Microsoft’s strategy to spark rapid adoption of Windows 10 is to give the new operating system away for free to owners of Windows 7, 8, and 8.1.
Although users have complained—loudly—about the numerous patches issued for Windows 10 since its release, my own upgrade to Windows 10 was smooth. My cheap ASUS X205TA had less than 3 GB of disk space before the upgrade and 10 GB after; the battery life also improved by roughly 30 percent.
For the enterprise, the upgrade won’t be as seamless; any time a corporation needs to install a major piece of software on hundreds or thousands of machines, things will go wrong. Then there’s the small matter of training workers on the software, which boasts some new features. “It’s going to take users awhile to get used to the interface,” said Roger Jones, a Windows system administrator at the Gemological Institute of America.
One pitfall of installing anything onto enterprise machines is upgrade fatigue. Many companies only recently completed upgrading to Windows 8, and would like to take a bit of a breather before engaging in another massive undertaking. Other firms seem to be perfectly happy with Windows 7, and plan on upgrading only as part of a broader hardware or infrastructure refresh.
Realistically, a relatively small percentage of firms will begin Windows 10 deployments in 2015; compounding the issue is the fact that you can’t fully leverage Windows 10 without Windows Server 2016, which is slated for release in Q1 2016. Research firm Gartner estimates that most firms will need roughly 18 months to plan out a migration, and many organizations have indicated that they will wait.
According to a recent survey by Adaptiva, 71 percent of those present at Microsoft’s Ignite 2015 conference said their company would hold off at least six months from Windows 10’s release to begin migrating; forty-nine percent said they planned to wait a year or more.
“For a company that has not moved yet to Windows 7 or 8, it would be much better for this company to wait for the total ripening of Windows 10,” said Jess Guim, an MPA at AdvanzIT. “That’s when the bugs for a newly released OS are gone.” Though Microsoft says its platform is ready for enterprise deployment, you really don’t want to be the group that realized Windows 10 needs an SP1.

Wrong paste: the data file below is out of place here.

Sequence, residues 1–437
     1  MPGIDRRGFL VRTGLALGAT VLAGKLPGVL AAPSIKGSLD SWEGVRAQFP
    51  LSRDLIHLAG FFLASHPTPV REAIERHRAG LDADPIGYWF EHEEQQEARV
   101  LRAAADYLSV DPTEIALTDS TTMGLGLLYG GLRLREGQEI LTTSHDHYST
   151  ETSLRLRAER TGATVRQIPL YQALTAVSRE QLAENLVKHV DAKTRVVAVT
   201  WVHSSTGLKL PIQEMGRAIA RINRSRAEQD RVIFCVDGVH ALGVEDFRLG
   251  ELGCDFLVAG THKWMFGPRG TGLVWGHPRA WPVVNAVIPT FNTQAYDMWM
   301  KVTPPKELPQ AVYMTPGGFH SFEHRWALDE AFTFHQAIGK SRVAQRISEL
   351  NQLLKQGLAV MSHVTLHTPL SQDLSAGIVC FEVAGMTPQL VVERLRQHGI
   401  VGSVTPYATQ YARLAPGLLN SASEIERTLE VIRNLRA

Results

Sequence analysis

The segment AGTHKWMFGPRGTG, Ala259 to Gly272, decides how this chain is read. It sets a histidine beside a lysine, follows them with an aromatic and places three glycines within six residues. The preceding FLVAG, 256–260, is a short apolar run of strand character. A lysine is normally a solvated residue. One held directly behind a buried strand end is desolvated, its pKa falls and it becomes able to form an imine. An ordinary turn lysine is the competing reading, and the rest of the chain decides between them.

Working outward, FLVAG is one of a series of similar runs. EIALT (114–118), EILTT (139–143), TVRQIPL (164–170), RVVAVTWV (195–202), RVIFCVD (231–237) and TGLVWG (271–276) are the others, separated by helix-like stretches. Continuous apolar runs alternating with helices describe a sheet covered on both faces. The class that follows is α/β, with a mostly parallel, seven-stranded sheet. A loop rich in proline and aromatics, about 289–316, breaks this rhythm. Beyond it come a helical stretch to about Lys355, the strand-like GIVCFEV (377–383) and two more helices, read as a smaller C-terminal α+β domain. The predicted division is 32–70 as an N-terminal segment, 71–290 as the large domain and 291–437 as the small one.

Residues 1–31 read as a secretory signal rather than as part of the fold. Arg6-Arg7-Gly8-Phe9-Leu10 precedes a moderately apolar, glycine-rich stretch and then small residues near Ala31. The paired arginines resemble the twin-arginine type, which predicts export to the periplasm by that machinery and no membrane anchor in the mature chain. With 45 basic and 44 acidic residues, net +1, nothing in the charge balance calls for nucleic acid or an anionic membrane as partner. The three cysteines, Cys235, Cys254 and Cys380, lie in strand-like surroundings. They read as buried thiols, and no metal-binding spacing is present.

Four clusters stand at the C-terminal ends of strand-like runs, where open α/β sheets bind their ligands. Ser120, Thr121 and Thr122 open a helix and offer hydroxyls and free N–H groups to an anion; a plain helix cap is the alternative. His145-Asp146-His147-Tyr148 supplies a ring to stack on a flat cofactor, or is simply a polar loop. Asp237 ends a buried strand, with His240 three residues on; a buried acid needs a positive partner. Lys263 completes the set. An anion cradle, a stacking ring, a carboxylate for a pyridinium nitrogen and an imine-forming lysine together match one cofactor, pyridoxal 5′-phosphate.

Don’t laugh, but the U.S. Navy still relies on Windows XP for legacy apps. Nor is it alone; numerous organizations never upgrade at least a portion of their in-house operating systems due to concerns over legacy software breaking in the process.
“The first thing that comes to my mind is just the compatibility stuff,” said one systems administrator who works with Windows, and who didn’t want to be named for this story. “[The problem is] running custom internal applications. Depending on what your group runs, there may be something that runs in a browser that is using legacy ActiveX controls.”
The need for extensive testing represents yet another significant pitfall to Windows 10 adoption. “You wouldn’t be able to use Edge [Microsoft’s new browser] and you might even have issues with Internet Explorer because of the way it handles ActiveX controls,” the sysadmin continued. “We ran into that problem with Windows 8, so we couldn’t put people on Windows 8 because of compatibility issues.”
The Learning Curve
To consumers, Windows 10 looks much like Windows 8 with the Start button and the desktop’s former primacy restored; on the backend, beyond their sight, are a lot of security features that can—and should—be turned on; those features include Device Guard, Windows Hello, Passport, multi-factor authentication, anti-theft and anti-phishing solutions.
Systems administrators and tech pros upgrading a company’s systems need to take users’ workflow into account when activating such features. For example, to activate Windows 10’s “Credential Guard,” its corporation-centric protection for user credentials, you’ll not only need to turn on TPM on each PC, but the AD servers need to be upgraded to Windows Server 2016.
Failing to Get User Input
The days of deploying the Windows environment and expecting the employees to use it is over; smart upgrading requires that a company’s tech pros interface with payroll, accounting, and other departments to ensure that the upgrade process doesn’t break vital software or workflows.
The biggest pitfall of all is waiting too long. A lot of companies waited too long to upgrade to Windows 7 and paid the price one way or another—either in overtime for in-house tech staff, or contractor fees, or security vulnerabilities. If you’re a Windows shop, you should have some sort of upgrade plan in the works already.